The population levels of C. coccoides group in the intestine, as determined by using RT-qPCR, were equivalent to those determined by using FISH but significantly lower than those determined by using qPCR (Table 3). This was likely due to the difference in target molecules among these methods: both RT-qPCR and FISH target bacterial RNA molecules, whereas qPCR targets bacterial DNA molecules. RNA molecules can be degraded more rapidly after cell death than can DNA molecules and are produced only by metabolically active cells; they are therefore indicators of bacterial cell viability [29,30]. Although it has been reported that rRNA, unlike mRNA, can persist for extended periods in dead cells , several in vitro analyses of both anaerobic and aerobic bacterial cultures have shown that the bacterial counts obtained by using RT-qPCR are in good agreement with those obtained by using culture methods even when the cells are dead, suggesting that the counts of viable cells can be quantified accurately by using RT-qPCR targeting rRNA [14,15,17]. Unlike RNA, bacterial DNA cannot be degraded rapidly in dead cells, and this may lead to the mis-quantification of substantial numbers of dead cells along with viable cells by qPCR . Therefore, the differences in the counts between qPCR and RT-qPCR (Table 3) were likely due to overestimation of the bacterial counts by the DNA-targeted method. The slight differences in the bacterial counts obtained by FISH and RT-qPCR (100.1 to 100.3 cells/ g feces) might have been due to technical issues. FISH gives positive or negative signals (i.e. the cell is detected above a certain threshold of rRNA molecules, regardless of how many are present), whereas the RT-qPCR signals are quantitative and are directly related to the number of rRNA molecules present.
The gastrointestinal tract is colonized first by facultative anaerobes immediately after birth, and consumption of oxygen by these bacteria is followed by the growth of strict anaerobes . Previous studies have shown that the C. coccoides group in the intestines is established at an early age and remains stable with age [33,34]. Our results also support the hypothesis that overall counts of the C. coccoides group in young children are similar to those in adults. However, the RT-qPCR analysis at the subgroup and species levels demonstrated differences in composition among the different age groups. For example, Eu. ramulus characterized the intestinal microbiota in adults (Table 4); this bacterium has been reported to grow with quercetin-3-glucoside (isoquercitrin), a flavonoid, as the sole carbon and energy source . Flavonoids are polyphenolic compounds present in foods and beverages of plant origin , and the growth of Eu. ramulus is stimulated by ingestion of flavonoids in vivo . Unlike that of Eu. ramulus, the incidence of C. nexile was higher in young children (94%) than in adults (34%) (Table 4); thus C. nexile, which produces antimicrobial substances , characterizes the intestinal microbiota of young children. Growth of C. nexile is inhibited by garlic , which is not usually included in the regular meals of younger children. These results suggest that diet affects the composition of the intestinal C. coccoides group.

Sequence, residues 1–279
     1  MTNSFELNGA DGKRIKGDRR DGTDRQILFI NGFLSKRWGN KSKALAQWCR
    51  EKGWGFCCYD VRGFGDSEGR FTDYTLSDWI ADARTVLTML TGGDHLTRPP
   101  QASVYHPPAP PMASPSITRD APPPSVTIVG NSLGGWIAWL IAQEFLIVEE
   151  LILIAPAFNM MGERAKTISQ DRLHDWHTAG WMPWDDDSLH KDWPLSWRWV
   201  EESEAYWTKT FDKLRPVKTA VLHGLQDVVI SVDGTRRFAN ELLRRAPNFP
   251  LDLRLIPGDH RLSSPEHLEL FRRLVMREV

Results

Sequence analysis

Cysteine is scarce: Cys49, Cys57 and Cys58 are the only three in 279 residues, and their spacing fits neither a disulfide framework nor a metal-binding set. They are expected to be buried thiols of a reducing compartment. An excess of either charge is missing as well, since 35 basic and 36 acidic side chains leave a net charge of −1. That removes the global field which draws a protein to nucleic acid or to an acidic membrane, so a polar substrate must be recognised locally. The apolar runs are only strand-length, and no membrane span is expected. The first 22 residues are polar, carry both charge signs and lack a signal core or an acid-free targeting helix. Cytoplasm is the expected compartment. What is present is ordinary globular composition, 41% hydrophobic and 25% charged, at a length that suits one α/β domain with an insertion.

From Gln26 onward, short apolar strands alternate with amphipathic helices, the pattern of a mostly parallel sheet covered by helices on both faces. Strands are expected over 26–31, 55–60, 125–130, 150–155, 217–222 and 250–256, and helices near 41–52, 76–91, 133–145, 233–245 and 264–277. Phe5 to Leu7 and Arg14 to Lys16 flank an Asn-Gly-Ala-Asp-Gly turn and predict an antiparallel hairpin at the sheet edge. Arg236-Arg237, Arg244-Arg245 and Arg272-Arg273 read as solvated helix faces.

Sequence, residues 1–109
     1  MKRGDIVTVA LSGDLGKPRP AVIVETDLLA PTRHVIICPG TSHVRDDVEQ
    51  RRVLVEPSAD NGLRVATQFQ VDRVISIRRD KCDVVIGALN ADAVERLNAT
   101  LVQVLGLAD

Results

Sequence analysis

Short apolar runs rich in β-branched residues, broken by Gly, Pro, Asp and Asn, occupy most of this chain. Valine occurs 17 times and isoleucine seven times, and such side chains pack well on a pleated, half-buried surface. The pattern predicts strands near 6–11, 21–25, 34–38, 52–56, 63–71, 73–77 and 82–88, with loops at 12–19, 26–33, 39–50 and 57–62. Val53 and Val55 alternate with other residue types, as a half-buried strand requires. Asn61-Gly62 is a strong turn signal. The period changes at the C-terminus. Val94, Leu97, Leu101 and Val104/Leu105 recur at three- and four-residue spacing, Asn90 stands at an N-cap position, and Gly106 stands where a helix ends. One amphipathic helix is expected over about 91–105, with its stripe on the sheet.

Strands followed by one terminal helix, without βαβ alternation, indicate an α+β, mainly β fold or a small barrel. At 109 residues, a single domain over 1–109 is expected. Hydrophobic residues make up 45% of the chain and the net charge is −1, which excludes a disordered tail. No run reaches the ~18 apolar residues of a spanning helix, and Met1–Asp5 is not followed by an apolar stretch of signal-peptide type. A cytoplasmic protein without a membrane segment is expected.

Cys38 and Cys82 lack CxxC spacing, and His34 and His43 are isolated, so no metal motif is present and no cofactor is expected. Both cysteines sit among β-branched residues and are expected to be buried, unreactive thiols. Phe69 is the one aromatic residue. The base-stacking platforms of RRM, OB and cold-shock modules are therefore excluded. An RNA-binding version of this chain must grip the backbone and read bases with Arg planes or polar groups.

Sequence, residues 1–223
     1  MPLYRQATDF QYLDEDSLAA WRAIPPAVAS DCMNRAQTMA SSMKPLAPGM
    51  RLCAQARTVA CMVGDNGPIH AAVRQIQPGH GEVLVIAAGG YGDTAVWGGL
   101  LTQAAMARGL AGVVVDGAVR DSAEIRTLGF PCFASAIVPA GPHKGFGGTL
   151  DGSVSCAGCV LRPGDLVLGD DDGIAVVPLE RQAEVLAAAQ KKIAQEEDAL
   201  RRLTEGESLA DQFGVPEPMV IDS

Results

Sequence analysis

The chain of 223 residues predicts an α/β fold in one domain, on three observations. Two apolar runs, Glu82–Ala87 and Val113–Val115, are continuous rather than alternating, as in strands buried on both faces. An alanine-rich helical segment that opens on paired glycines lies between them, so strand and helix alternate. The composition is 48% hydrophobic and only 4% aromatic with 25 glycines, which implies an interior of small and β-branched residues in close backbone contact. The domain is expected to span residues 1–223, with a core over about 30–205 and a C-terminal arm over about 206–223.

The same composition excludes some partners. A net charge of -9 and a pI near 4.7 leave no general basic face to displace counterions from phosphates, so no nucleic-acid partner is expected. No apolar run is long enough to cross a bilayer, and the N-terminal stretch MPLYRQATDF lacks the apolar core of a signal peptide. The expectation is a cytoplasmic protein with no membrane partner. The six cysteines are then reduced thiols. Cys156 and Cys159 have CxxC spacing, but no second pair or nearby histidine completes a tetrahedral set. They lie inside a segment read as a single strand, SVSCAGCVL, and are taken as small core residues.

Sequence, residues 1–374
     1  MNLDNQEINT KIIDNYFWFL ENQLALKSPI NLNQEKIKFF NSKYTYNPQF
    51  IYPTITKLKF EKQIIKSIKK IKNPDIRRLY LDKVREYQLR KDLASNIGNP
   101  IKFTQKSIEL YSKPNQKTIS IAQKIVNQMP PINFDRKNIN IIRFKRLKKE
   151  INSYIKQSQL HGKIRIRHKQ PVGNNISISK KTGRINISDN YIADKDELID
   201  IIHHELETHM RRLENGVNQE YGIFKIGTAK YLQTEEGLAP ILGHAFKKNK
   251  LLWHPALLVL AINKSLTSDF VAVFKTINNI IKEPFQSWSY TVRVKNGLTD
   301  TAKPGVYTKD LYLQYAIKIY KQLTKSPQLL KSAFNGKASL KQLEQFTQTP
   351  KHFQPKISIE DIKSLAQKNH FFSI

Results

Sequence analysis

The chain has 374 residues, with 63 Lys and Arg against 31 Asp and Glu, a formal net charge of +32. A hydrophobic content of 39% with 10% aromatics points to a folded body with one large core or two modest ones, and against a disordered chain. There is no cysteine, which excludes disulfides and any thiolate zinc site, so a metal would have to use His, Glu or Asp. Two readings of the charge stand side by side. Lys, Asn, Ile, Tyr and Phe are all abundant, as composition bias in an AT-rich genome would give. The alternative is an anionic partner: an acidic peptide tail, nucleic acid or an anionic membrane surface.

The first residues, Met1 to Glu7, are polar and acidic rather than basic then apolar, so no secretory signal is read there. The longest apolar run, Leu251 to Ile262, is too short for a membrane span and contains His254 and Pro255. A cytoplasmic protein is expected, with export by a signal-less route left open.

Decreases in population levels of the C. coccoides group are correlated with age-related events such as the development of frailty, hospitalization, antibiotic treatment, and non-steroidal anti-inflammatory therapy [40–43]. Population levels of the intestinal C. coccoides group in our elderly group were significantly lower than those in young children and adults (Table 4), supporting the data from Japanese, Italian and Finnish studies [44–46]. The lower C. coccoides group population levels in the elderly could be due to the lower levels of the genus Blautia as the predominant population in this group (Table 4). Genus Blautia has recently been postulated to be a novel group by its reclassification on the basis of 16S rRNA sequencing , and a number of isolates belonging to this genus have recently been identified from human feces by using methods such as FISH, flow cytometry, clone library analysis, and metagenomic analysis [1,6,48]. In a Japanese study, Hayashi et al.  have shown that R. obeum, a member of the genus Blautia, commonly inhabits the human intestine regardless of age. The genus was found in all the subjects in this study, and the population levels tend to diminish with age (Table 4). Intestinal levels of the genus Blautia can change with a number of conditions. For example, intestinal population levels of Blautia in children with type 1 diabetes are significantly higher than those in healthy children , and there is a significant reduction in the Blautia population in the intestines of cirrhotic patients . These results and ours suggest that the reduced population levels of the genus Blautia in the elderly may have a substantial effect on health in this age group.